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Breakthrough

innovations in
operations-
not just steady
innprovement-can
destroy competitors
and shake up
industries.Such
advances don't
have to be as
rare as they are.

84 HARVARD BUSINESS REVIEW


Deep
ChangeHow *^
Operational
Innovation
Can Transform
Your Company
by Michael Hammer

I
N 199T, Progressive Insurance, an automobile insurer
based in Mayfield Village, Ohio, had approximately
$1.3 billion in sales. By 2002, that figure had grown to
$9.5 billion. What fashionable strategies did Progressive
employ to achieve sevenfold growth in just over a decade?
Was it positioned in a high-growth industry? Hardly. Auto
insurance is a mature, ioo-year-o!d industry that grows
with GDP. Did it diversify into new businesses? No, Pro-
gressive's business was and is overwhelmingly concen-
trated in consumer auto insurance. Did it go global? Again,
no. Progressive operates only in the United States.
Neither did it grow through acquisitions or clever mar-
keting schemes. For years. Progressive did little advertis-
ing, and some of its campaigns were notably unsuccessful.
It didn't unveil a slew of new products. Nor did it grow at
the expense of its margins, even when it set low prices.
The proof is Progressive's combined ratio (expenses plus
claims payouts, divided by premiums), the measure of

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How Operational Innovation Can Transform Your Company

financial performance in the insurance industry. Most rest is history. Although operational innovation wasn't
auto insurers have combined ratios that fluctuate around tbe sole ingredient in Wal-Mart's success - its culture,
102% - that is, they run a 2% loss on their underwriting strategy, human resource policies, and a host of other
activities and recover the loss with investment income. elements (including operational excellence) were also
critical - it was the foundation on which the
company was built.
Operational innovation is truly deep change, Similar observations can be made about
Dell and Toyota, organizations whose oper-
affecting the very essence of a company: how ational innovations have become proper
nouns: the Deli Business Model and the
its work is done.The effects ripple outward to Toyota Production System. Each of these
all aspects of the enterprise. three companies fundamentally rethought
bow to do work in its industry. Their oper-
ational innovations dislodged some of the
By contrast, Progressive's combined ratio fluctuates around mightiest corporations in the history of capitalism, in-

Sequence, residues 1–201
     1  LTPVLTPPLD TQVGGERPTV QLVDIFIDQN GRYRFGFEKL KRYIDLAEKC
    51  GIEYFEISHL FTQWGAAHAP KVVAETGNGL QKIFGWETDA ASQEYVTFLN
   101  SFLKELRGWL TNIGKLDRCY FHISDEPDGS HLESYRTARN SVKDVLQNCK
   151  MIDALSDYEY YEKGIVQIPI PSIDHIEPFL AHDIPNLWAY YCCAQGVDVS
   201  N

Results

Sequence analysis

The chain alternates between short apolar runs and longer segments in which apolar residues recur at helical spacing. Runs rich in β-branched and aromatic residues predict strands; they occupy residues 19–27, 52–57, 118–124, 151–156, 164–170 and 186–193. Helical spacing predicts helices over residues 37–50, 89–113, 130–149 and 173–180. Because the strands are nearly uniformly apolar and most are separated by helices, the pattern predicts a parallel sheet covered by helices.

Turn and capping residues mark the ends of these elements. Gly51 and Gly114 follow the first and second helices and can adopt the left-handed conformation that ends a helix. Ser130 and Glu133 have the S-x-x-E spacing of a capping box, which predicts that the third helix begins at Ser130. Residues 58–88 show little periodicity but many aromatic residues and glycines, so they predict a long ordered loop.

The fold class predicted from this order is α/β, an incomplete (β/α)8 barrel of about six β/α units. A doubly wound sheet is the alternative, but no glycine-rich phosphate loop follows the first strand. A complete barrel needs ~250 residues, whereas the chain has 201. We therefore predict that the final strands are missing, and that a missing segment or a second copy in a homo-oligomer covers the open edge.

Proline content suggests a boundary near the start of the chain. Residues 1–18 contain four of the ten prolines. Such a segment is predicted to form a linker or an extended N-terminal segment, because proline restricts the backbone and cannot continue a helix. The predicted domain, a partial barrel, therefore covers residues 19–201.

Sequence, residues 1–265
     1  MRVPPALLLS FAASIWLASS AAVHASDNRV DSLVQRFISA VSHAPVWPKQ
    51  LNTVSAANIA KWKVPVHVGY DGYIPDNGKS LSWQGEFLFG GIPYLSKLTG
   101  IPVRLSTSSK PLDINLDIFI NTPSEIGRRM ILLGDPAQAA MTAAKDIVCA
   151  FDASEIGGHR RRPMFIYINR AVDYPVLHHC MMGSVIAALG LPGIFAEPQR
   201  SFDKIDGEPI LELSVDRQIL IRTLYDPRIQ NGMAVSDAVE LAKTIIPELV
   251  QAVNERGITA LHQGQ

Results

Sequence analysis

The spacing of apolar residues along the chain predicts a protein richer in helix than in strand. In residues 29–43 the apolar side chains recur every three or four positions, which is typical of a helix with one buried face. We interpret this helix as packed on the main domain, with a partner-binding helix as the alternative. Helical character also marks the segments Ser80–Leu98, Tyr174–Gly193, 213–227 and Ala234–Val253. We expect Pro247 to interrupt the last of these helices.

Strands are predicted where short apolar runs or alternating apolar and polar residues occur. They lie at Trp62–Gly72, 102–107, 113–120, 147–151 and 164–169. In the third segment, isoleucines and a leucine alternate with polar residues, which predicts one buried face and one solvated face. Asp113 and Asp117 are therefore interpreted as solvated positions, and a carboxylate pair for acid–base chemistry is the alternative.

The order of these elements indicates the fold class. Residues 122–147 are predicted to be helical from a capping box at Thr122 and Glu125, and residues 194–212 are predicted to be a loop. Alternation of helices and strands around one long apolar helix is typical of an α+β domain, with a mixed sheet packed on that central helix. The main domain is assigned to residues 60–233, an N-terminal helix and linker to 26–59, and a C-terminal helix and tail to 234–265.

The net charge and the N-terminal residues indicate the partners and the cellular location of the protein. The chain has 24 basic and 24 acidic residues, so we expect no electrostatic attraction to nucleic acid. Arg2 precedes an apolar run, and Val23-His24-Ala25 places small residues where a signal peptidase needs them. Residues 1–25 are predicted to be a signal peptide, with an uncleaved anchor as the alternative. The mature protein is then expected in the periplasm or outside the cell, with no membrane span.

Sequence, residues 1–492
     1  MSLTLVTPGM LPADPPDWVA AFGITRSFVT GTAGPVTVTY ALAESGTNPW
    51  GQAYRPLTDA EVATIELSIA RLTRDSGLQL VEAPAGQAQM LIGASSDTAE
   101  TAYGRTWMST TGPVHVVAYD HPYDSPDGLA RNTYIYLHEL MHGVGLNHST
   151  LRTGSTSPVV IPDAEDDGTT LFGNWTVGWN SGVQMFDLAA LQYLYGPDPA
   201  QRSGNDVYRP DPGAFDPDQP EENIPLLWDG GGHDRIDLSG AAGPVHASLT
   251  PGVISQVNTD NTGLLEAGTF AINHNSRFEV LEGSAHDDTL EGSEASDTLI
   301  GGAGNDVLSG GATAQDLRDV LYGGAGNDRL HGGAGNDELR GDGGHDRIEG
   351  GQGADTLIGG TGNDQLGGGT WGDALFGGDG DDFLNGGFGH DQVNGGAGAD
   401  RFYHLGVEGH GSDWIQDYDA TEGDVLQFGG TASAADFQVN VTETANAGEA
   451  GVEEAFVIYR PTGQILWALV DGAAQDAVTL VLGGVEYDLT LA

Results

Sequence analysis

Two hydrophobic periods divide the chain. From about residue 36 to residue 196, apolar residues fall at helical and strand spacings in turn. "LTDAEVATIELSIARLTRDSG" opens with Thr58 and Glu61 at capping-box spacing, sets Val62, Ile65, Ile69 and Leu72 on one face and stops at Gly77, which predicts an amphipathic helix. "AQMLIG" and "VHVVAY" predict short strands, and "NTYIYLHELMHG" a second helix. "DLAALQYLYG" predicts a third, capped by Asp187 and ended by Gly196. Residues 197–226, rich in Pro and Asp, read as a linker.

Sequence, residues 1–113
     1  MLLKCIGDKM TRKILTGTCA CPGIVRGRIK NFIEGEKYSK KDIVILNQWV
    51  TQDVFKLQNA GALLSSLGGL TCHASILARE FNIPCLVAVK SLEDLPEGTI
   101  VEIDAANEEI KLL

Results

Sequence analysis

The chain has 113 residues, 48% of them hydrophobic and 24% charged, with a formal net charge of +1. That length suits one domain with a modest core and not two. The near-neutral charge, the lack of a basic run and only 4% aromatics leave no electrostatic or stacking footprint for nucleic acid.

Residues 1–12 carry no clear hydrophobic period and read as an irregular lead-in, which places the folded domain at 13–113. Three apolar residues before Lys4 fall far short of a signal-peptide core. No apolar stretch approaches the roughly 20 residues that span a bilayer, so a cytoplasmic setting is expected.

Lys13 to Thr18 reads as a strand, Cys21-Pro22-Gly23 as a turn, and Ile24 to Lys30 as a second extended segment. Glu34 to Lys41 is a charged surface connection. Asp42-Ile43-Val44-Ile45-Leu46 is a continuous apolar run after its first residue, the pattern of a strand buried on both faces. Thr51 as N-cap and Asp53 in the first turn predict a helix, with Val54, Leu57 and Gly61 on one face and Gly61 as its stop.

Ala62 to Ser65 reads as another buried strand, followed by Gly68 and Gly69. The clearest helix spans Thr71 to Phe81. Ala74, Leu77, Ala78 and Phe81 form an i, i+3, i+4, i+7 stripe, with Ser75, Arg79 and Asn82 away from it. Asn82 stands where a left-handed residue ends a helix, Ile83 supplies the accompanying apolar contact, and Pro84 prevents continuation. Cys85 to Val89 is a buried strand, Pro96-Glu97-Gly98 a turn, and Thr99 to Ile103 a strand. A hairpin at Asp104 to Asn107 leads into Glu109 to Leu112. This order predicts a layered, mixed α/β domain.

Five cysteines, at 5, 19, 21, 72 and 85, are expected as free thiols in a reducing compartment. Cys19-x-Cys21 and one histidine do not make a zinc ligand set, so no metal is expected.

96%. The company's growth has not only been dramatic- cluding Sears, General Motors, and IBM.
it is now the country's third largest auto insurer-it has These stories are well known for two reasons. First, tbe
also been profitable. stories are worth telling: Operational innovations fuel ex-
The secret of Progressive's success is maddeningly sim- traordinary results. But tbe stories are also repeated be-
ple: It outoperated its competitors. By offering lower cause there are, frankly, not many of them. Operational
prices and better service than its rivals, It simply took their innovation is rare. By my estimate, no more than 10% of
customers away. And what enabled Progressive to have large enterprises have made a serious and successful ef-
better prices and service was operational innovation, the fort at it. And that shouldn't be. Executives who under-
invention and deployment of new ways of doing work. stand how operational innovation bappens-and who also
Operational innovation should not be confused with understand the cultural and organizational barriers that
operational improvement or operational excellence. prevent it from happening more often-can add to their
Those terms refer to achieving high performance via ex- strategic arsenal one of the most powerful competitive
isting modes of operation: ensuring that work is done as weapons in existence.
it ought to be to reduce errors, costs, and delays but with-
out fundamentally changing how that work gets accom-
plished. Operational innovation means coming up with The Payoffs
entirely new ways of filling orders, developing products, For most of its history. Progressive focused on high-risk
providing customer service, or doing any other activity drivers, a market that it served profitably through ex-
that an enterprise performs. tremely precise pricing. But in the early 1990s, the insurer
Operational innovation has been central to some of the believed that much larger companies were about to enter
greatest success stories in recent business history, includ- this niche and emulate its approach to pricing; the com-
ing Wal-Mart, Toyota, and Dell. Wal-Mart is now the larg- pany's managers realized it couldn't compete against
est organization in the world, and it owns one of the larger players on a level playing fleld. So Progressive de-
world's strongest brands. Between 1972 and 1992, Wal- cided to win the game by changing the rules. It reinvented
Mart went from $44 million in sales to $44 billion, pow- claims processing to lower its costs and boost customer
ering past Sears and Kmart with faster growth, higher satisfaction and retention.
profits, and lower prices. How did it score that hat trick? The company introduced what it calls Immediate Re-
Wal-Mart pioneered a great many innovations in how it sponse claims handling: A claimant can reach a Progres-